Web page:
Tesside University
North East England

Sometimes it is hard to see what is unfolding as it is in front of us—much easier from a vantage of after. That’s why it is perhaps exciting to see a body of work that is such a strong mix of transitory and ambitious as what was on display at the opening of Teesside University’s MA degree Delicious Edge. If there is an overarching theme, perhaps: our apprehensions regarding a world in transition and our attempts to represent—this moment as meticulous fluctuation and new methods of unfolding the world we inhabit. This is a very exciting (sometimes scary) place to be and if it’s any indication, one might expect big things from the program in future. The opening evening consisted of a series of impromptu and scheduled events in conjunction with sculptural, photography, video, printmaking, installation and sound. For the exhibition Delicious Edge, the course gathered together the culminating work from the MA degree along with others still in process, featuring artists: Martin Bradburn, Amy Brannan, Stu Burke, Ross Cummings, Rachel Dodd, Stephen Irving, David King, and Linda Stannard. The emphasis was decidedly interdisciplinary with improvisations such as sculptural objects played as sound-objects and durational works, alongside works displayed in-situ and in the galleries.

Art offers a means for seeing our world, reflecting upon, but also making perceptible what conditioning has made invisible. In Tom McCarthy’s novel Remainder, an unnamed protagonist begins obsessively attempting to recreate unrecalled memories after suffering an unspecified accident. After receiving an immense insurance settlement it becomes his obsession to attempt to reconcile or make manifest these scenarios for which he has no words and through which he ultimately becomes displaced. In David King’s works, he similarly tries to reconcile existing conceptions, to give them form and reframe, shape, detect the patterns that emerge—in this case King fixates on prime numbers, merging a mathematical mind with that of the artist in order to show something between. As a response to Marcus du Sautoy’s book The Music of the Primes, King’s work challenges basic premises of du Sautoy’s approach, and this is where art excels. Through walls filled with dots and number columns: ordered and rhythmic, even elegant (even if we don’t understand precisely what we are looking at) these compulsions allow us to reorder and make visible something otherwise imperceptible. What emerges is a new manner of notation; sequencing and grouping, it unfolds numbering conventions through the compulsion inscribed and mapped.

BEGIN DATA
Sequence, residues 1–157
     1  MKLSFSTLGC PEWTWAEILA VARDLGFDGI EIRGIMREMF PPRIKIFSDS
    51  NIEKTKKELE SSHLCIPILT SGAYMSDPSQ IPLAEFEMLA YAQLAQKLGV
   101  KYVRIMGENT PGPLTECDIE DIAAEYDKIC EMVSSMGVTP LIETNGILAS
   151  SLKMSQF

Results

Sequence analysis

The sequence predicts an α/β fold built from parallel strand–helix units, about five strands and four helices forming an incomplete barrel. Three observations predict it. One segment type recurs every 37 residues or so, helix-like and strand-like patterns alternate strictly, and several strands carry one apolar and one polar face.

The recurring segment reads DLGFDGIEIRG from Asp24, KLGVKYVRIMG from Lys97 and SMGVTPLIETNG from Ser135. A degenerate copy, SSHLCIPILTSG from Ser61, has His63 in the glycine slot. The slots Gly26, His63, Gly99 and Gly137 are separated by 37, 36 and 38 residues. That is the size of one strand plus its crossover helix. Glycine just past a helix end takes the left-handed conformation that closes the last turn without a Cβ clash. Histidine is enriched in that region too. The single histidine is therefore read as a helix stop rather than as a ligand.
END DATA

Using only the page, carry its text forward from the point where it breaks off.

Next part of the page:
Similarly working with ideas of perception and an object’s inability to persist are Amy Brannan’s objects, some of which have been cast in plaster and then submerged in bleach. These pieces become tactile, at once rooted in chemical processes and erosion, but similarly linked to the intimacy of thought. In one, an old photo is printed into a bricklike slab of chalky white plaster adding dimension, place-holding, on which the snapshot of a girl smiling, enacting something with her hands, floats on the plaster surface as a sort of shipwrecked memory.